-- Expert skill level.
-- Had been skiing Nordica Crystal Grand Prix (sz 29.0, flex index 90 but 4 rivets between lower shell and upper cuff)
-- Sold GPs b/c too stiff and repeatedly tore up my shins, actually abrading away the skin on the front of my shins, especially after spending any time in bumps.

Recently bought Salomon Pro Model Spaceframe
-- Skied two days at Vail in pretty bumped up conditions
-- Suffered abrasions on front of shins again.
-- Did not realize until returning to East Coast that rear bolts marked LOCK served to lock upper cuff and lower shell. Thought somehow was a lock mechanism for canting
-- Also suffered egg shaped bumps/inflamations on the lower front of my shins, just above the ankle, but as stated on the front of my shin.
-- Assuming swelling above from two factors: 1.) getting too far back 2.) cuff not tightened enough.
-- One more gross adjustment position available to make upper cuff tighter. Two upper buckles were essentially as tight as they could go without moving the buckle teeth to this final position.

Discussion with Local Shop Owner:
-- LSO did not feel removing locking bolts would significantly change amount of flex.
-- LSO did not feel that creating more forward lower leg position would improve getting in "back seat".
-- LSO suggested carving out material in tongue, creating a channel to reduce pressure on shin.

Discussion with Local:
-- Vail/Denver resident who suffers boot bang on and off suggested high density foam to create a channel on outside of tongue to create ovalization of cuff, reducing pressure on shin.

No professional boot fitters in my area

Questions:
1. Would you expect to see a substantial increase in the boot's flex by removing the locking screws?

2. Do you believe that by tightening the cuff and creating a more forward position/stance that I would reduce the amount of swelling on the fronts of my ankles?

3. Would doing those things discussed in Question 2 above create more pressure and thereby more abrasion between my shins and the boot tongue?

Thanks again!
Fellow skinny footer,

First of all, I have had a number of people come in to my shop with shin bang from this boot. All the cases I have seen involved people who did not get enough forward lean with this boot. On the other hand, people who need a more upright boot seem to do well with it.

1. No, it would be moderate at best.
2. Adding a forward lean shim behind the calf should at least help.
3. I expect it would just make the pressure more even. Still, these tongues do not have much padding.
4. If the forward lean shims do not work, then ALSO add an Eliminator tongue pad to the tongue. You can also modify its shape quite easily.
5. Your next step from here is to find a narrow more forward boot, and there are plenty that exist.

Good luck,
Jeff
post #71 of 216
Hi Jeff

Male
32
190 lbs
Intermediate/Expert Skiier
Size 28.5

I recently bought Salomon Performa 8's. First few days out I didn't notice any problems. Ever since I've seen a consistant problem where I have to crank the top two buckles (to the last knotch)down or I feel like I'm coming out of my boots when on a steep incline. I brought the boots back to the store. The bootfitter shimmed the boot and moved the 2nd strap from the top, so I have more knotches to strap to. (I also splurged on a custom molded footbed.) The top strap automatically comes undone now! Do I need a stiffer boot? Maybe an xwave? I play hockey as well and am used to a stiff boot. I'm thinking that the "8's" are not enough boot for me. Please advise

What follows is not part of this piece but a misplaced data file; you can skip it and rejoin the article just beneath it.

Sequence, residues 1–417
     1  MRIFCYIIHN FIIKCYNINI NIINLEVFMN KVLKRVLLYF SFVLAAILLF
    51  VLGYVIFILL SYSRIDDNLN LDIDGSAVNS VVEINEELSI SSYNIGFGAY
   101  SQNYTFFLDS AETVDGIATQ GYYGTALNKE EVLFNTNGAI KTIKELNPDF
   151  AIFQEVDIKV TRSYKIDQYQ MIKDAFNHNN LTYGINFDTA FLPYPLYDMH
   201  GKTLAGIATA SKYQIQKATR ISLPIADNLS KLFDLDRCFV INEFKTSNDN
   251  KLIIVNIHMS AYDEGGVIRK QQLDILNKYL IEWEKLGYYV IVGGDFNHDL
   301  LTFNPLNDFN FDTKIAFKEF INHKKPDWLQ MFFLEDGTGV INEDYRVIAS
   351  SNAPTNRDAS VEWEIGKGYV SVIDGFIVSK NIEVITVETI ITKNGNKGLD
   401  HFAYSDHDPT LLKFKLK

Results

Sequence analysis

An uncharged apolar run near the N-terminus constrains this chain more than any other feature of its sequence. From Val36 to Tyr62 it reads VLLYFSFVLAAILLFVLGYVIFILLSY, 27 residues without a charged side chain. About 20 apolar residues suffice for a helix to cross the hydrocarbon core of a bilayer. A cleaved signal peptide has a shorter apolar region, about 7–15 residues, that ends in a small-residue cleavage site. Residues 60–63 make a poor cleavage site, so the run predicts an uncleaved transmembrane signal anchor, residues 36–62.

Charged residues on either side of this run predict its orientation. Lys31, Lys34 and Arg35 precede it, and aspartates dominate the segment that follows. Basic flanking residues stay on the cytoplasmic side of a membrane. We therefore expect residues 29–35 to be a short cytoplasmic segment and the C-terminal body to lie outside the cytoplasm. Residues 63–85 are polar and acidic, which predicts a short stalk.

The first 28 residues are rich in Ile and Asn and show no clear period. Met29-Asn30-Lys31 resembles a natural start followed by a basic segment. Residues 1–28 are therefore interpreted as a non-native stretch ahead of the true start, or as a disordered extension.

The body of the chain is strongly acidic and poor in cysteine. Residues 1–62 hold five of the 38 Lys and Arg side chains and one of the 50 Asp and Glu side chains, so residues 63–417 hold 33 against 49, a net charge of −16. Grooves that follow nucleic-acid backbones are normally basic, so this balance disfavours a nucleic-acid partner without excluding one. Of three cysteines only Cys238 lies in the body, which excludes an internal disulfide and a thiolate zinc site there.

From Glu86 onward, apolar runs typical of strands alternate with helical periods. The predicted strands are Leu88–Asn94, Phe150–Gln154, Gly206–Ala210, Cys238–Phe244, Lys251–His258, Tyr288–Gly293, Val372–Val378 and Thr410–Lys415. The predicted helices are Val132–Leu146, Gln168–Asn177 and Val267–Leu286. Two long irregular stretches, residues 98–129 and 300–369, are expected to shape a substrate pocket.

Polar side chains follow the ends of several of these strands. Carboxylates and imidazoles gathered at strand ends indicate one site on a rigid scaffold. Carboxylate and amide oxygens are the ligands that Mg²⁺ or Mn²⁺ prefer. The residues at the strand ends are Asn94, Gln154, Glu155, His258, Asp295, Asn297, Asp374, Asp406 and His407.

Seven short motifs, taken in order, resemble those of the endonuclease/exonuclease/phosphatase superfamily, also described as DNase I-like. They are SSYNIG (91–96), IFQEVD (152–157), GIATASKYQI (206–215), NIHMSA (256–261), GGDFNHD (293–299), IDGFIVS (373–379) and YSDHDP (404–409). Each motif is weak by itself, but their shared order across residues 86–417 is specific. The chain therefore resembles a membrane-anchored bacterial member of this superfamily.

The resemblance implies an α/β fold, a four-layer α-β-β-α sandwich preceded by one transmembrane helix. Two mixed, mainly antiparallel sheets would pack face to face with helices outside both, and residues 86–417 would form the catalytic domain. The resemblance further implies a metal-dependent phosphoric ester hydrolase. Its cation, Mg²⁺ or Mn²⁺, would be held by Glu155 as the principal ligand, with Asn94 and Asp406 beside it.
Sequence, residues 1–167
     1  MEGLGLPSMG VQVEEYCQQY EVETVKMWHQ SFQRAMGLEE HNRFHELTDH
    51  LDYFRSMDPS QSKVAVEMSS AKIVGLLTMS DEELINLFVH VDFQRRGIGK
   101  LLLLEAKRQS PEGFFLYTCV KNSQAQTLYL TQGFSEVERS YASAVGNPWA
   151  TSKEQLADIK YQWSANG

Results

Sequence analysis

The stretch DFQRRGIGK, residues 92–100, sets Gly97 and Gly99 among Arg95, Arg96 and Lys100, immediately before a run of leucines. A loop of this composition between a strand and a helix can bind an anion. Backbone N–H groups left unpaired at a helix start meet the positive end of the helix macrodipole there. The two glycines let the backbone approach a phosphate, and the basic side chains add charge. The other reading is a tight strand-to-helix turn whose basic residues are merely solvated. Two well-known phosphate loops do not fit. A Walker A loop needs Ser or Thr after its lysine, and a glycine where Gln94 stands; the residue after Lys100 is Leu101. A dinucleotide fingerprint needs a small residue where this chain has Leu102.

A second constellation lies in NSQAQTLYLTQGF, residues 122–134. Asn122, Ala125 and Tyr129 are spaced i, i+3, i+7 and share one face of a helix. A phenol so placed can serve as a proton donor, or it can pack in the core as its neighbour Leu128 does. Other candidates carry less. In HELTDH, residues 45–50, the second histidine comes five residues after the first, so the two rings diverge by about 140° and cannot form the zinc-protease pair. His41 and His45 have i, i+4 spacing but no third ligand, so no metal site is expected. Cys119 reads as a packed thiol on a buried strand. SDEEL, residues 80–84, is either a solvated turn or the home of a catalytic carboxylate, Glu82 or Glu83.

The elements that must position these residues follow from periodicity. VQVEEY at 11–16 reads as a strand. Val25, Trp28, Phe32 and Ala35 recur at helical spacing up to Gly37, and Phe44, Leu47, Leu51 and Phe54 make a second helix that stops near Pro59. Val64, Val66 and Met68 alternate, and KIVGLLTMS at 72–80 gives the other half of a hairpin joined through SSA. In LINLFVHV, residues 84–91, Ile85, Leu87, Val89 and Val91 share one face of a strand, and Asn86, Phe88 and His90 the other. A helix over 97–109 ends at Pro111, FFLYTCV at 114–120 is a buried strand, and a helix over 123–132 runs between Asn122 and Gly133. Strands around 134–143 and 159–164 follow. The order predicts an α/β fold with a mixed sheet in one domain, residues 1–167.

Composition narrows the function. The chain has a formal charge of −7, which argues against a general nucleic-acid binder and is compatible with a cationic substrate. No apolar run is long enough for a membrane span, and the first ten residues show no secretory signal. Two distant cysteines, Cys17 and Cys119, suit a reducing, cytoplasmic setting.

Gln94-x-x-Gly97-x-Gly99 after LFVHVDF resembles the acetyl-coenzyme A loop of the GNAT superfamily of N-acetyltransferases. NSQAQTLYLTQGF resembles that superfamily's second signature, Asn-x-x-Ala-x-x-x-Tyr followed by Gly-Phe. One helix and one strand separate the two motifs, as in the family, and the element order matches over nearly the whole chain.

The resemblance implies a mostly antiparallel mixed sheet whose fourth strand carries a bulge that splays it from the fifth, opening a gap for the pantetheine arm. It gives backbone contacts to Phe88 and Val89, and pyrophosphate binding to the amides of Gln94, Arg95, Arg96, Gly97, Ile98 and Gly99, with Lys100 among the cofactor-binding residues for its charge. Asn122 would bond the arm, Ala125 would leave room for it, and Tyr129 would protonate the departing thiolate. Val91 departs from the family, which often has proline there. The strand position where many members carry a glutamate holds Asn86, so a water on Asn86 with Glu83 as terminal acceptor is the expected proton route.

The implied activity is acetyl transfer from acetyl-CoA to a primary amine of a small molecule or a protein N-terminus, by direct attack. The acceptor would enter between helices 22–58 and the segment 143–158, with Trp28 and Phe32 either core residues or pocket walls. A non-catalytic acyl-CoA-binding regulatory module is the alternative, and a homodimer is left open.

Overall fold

post #72 of 216

Lange sizing

Jeff:

I'm looking at Lange Comp 120s but have found the sizes available at this point in the season to be limited. I wear a 13 in most athletic shoes, 13C in dress, and measure a 14 on a Brannock (left foot = 12" long, right a bit less). I hear they pack out, and I am a high performance skier who wants a performance fit. I can order a 12 or 13 in the Lange, and would like to get a new (good fitting) boot ASAP. Do they pack out enough to order the 12, or should I play it safe and get the 13s?
Thanks in advance, Bob
post #73 of 216
Jeff:

Could you explain what effects cuff height, ramp angle and forward lean have on skier balance and boot performance?

What types of skiers would benefit from a boot with more forward lean; or a more upright boot? Thanks.
post #74 of 216
Hey Jeff,

I have read most of the posts and you are the man. Thanks in advance for taking your time to answer questions. A little background about myself before my questions (not sure if this is necessary). I am 6'0 160 an agressive skier (level 7/8)...ski a mix of groomers/bumps/powder/steeps.

1. I have a pair of Lange Banchee's 90 (year 2003). I have skied the boot 25 days at the max. I love the support and the stiffness seems about right. The only modification I have done/had done are a slight heel riser (under the footbed) to correct a hot spot on the right of my ankle (both boots).

PROBLEM : My big toe and middle toe seem to rub slightly....by the end of the day they are very sore. NOT black and blue but sore. It is worse on my left boot than my right but noticable in both. I have a very narrow foot. The place I bought the boots did a shell and liner fit...and the fit seemed right at the time. Any suggestions would be much appreciated. I am going to see a boot fitter in Steamboat in a few weeks to hopefully see whats going but any advice would be much appreciated. I have also tried all thicknesses of socks with no change either way.